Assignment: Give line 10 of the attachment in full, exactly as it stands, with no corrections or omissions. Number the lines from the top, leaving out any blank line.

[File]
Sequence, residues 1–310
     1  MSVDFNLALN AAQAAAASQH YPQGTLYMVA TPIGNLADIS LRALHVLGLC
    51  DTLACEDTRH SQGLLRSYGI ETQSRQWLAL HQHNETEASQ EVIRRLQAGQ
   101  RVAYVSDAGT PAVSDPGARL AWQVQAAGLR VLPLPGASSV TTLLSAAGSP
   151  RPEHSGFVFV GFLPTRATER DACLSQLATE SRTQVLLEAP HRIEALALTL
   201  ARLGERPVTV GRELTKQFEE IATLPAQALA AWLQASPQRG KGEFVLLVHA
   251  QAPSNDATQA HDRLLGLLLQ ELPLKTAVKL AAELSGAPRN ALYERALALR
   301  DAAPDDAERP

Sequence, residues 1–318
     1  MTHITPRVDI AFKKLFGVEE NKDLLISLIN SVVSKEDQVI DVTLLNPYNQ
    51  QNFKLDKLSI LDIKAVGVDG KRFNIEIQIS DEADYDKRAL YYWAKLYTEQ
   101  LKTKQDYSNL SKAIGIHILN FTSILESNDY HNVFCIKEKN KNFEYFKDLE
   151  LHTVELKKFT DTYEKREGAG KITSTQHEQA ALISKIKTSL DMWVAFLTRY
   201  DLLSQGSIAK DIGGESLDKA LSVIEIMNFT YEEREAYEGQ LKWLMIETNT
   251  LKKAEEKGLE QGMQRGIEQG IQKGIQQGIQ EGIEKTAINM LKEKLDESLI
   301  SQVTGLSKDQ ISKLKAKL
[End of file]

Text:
     1  MTHITPRVDI AFKKLFGVEE NKDLLISLIN SVVSKEDQVI DVTLLNPYNQ